We detected high concentrations of NAAG in the CSF of 22 patients with PMD and mutations in the PLP1 gene. Furthermore, we found high levels of NAAG in the CSF of 7 patients with a dysmyelinating disorder with a clinical presentation of PMD, but without mutations in the PLP1 gene (PMLD). Conversely, the CSF NAA was in the normal range in PMD and PMLD patients (except for two PMD samples and one PMLD sample with increased NAA content). These results confirm our preliminary data (Burlina et al. J. Inherit. Metab. Dis. 2000; 23 (suppl 1: 213). Moreover, NAAG was not increased in other leukodystrophies that were analyzed such as VWMD, Alexander disease and other leukodystrophy of known origin.
We demonstrated that NAAG is significantly and consistently increased in CSF of patients with genetically confirmed PLP disorders but also in patients with an undefined genetically dysmyelinating disorder (PMLD). Thus we have evidence that increased NAAG is a common marker in dysmyelinating leukodystrophies with or without confirmed PLP mutations.
An involvement of the NAA/NAAG cycle has been described only in few disorders. Indeed, in 1990 Rothstein reported elevated levels of both NAA and NAAG in the CSF of patients with amyotrophic lateral sclerosis.11 High concentrations of NAA and NAAG have been detected in urines of CD patients and in the CSF of one patient with Canavan disease, a leukodystrophy due to aspartoacylase deficiency leading to accumulation of NAA.10 We suppose that in Canavan disease the accumulation of NAA lowers the threshold of NAAG synthesis and may inhibit NAAG hydrolysis, leading to a paralleled increased of NAAG and later on a decrease of both NAA and NAAG in the long-term of the disease, as we have shown.12 Recently, Wolf and co-workers described two unrelated girls with severe brain hypomyelination and increased levels of NAAG in the CSF.13
NAAG is the most abundant dipeptide neurotransmitter in the mammalian CNS.14 It exhibits mixed agonist/antagonist properties at the W-Methyl-D-Aspartate (NMDA) receptor. Indeed, NAAG renders NMDA less effective in promoting cerebellar granule cells survival during differentiation, and also raises the threshold of NMDA toxicity to the differentiated granule cells.15 Moreover, NAAG acts as an agonist at metabotropic glutamate receptors group 2 (mGluR3).14
Recently, it has been shown that metabotropic glutamate receptors (mGluRs) are involved in regulating oligodendrocyte excitotoxicity. Deng and co-workers demonstrated that group 1 mGluRs mitigates excitotoxicity damage to oligodendrocyte precursor cells.16 Oligodendrocyte precursor cells share with neurons a high vulnerability to glutamatergic excitotoxicity. Furthermore, a secondary role for NAAG could be the release of glutamate after NAAG hydrolysis.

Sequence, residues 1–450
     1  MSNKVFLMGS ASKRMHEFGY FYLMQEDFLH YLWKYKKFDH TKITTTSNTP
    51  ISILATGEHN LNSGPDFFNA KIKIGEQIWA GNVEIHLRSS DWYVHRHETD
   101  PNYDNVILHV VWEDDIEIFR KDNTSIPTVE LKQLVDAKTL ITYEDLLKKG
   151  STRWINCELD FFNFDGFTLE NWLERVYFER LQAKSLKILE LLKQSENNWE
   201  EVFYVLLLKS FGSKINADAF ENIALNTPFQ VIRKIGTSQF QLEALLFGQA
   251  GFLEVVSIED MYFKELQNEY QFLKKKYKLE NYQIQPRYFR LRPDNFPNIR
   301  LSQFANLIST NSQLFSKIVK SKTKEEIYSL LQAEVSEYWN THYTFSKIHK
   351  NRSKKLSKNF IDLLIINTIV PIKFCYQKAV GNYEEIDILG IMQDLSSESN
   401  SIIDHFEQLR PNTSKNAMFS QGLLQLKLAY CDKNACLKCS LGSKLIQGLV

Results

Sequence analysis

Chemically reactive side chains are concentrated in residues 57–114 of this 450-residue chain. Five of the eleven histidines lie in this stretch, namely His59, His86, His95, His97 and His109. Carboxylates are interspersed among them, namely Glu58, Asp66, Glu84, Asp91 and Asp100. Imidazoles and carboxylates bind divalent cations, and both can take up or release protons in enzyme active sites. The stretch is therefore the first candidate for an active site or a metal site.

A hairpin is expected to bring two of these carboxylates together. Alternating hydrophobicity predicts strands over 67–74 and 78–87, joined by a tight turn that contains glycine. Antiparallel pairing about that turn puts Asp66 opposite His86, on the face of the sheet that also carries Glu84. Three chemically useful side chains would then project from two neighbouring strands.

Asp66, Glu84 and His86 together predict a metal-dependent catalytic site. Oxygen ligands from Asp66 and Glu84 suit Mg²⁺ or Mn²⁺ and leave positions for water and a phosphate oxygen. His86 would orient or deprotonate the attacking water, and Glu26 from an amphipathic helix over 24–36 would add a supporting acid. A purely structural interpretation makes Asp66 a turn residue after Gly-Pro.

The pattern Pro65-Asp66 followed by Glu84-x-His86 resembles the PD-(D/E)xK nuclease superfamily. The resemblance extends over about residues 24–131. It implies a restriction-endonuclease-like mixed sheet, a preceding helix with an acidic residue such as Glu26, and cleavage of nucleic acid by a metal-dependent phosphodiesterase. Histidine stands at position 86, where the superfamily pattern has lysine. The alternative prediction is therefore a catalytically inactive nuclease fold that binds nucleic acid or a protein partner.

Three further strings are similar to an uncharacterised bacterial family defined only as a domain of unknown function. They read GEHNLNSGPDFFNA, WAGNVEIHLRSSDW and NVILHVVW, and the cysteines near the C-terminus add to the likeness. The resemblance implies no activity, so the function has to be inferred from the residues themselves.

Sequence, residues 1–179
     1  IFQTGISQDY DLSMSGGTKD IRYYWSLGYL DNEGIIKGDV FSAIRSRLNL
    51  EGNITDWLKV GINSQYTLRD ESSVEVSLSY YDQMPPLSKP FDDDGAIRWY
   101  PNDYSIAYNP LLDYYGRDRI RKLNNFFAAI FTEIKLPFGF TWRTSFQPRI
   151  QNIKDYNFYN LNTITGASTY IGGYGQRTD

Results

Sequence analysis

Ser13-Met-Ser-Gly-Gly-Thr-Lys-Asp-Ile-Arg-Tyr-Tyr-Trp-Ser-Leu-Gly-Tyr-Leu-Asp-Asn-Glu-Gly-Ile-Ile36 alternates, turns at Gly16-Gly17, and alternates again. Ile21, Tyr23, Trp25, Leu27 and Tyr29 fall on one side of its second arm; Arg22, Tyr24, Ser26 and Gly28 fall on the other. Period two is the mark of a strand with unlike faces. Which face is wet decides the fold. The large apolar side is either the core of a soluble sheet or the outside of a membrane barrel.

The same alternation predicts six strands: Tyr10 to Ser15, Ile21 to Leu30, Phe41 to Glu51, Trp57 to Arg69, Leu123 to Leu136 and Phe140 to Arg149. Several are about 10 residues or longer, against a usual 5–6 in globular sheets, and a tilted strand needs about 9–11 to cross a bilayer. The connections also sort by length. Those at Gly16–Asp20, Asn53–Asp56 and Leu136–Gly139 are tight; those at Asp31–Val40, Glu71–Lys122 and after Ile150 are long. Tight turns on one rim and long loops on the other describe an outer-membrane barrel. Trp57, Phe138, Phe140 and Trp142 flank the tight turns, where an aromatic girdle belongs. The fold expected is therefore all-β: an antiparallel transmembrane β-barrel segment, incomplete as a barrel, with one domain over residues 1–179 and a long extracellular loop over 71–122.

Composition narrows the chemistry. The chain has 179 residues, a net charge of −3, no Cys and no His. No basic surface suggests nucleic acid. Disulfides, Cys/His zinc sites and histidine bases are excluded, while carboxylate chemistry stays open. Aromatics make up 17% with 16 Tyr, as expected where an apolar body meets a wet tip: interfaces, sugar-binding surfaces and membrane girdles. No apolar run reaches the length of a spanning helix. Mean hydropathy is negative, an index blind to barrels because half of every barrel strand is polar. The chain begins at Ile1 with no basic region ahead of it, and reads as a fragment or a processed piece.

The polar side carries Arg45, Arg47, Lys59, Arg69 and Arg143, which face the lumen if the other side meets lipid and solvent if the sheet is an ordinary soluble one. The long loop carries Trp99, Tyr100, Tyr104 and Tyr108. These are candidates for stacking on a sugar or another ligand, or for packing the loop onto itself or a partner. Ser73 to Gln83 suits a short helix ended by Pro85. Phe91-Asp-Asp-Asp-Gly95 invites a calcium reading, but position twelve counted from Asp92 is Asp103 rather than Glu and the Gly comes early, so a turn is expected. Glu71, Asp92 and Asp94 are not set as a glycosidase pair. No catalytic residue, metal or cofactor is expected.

But NAAG is a "complex" molecule with multiple actions. NAAG can act as a neurotoxin, and also as a neuroprotective agent, depending on the activity of its peptidase.17 Ghadge et al. have demonstrated that the inhibition of GCPII, the dipeptidase which hydrolyzes NAAG to NAA and glutamate, prevented motor neurons death in a cell culture model of amyotrophic lateral sclerosis.18 The authors suggested that increasing NAAG levels, by blocking NAAG hydrolysis may be neuroprotective by activating mGluR3 receptors.18
It has also been shown that in PMD patients axonal dysfunction and/or injury can be detected by proton MRS and in the mouse model of PMD axonal swelling and degeneration are present.3,19 Therefore, the increase levels of NAAG in CSF may be expression of an augmented release of W-acetylaspartylglutamate after neuronal damage.
Because of its prominent signal, always detectable in human healthy brain by in vivo proton MRS, NAA is generally considered an important marker of viable functions in neurons. Indeed, many neurodegenerative disorders with either loss of neural cells or neuronal dysfunction exhibit a decreased signal of NAA in the proton MR spectra.20 In three PMD patients we detected elevated levels of NAA in the CSF. Therefore, we cannot confirm that NAA was increased in all our PMD patients and this does not fully correlate with the increased concentrations of total NAA in the brain of five patients with PLP duplications, as detected by proton magnetic resonance spectroscopy.4 The involvement of the metabolic pathway of NAA and NAAG has been recently confirmed by the report of a new severe neurological disorder. Indeed, Martin and colleagues (2001) reported a child with neurodevelopmental retardation and moderately delayed myelination. In vivo proton MRS of the brain did not detect an NAA signal (hypoacetylaspartia).21 We analysed the CSF of the patient and NAAG was not detectable, indicating that in the case of hypoacetylaspartia both NAA and NAAG can be decreased (see Burlina, Schmitt et al, this volume).22
In conclusion, our findings show that NAAG may be a useful biochemical marker in the diagnosis of Pelizaeus-Merzbacher disease and may help to understand the myelination process.
This study was supported by a grant from the European Union's Biomed 2 Programme (PL 95 1405), European Network on Brain Dys-myelinating Disease: Diagnostic, Molecular and Therapeutic Approach (ENBDD).
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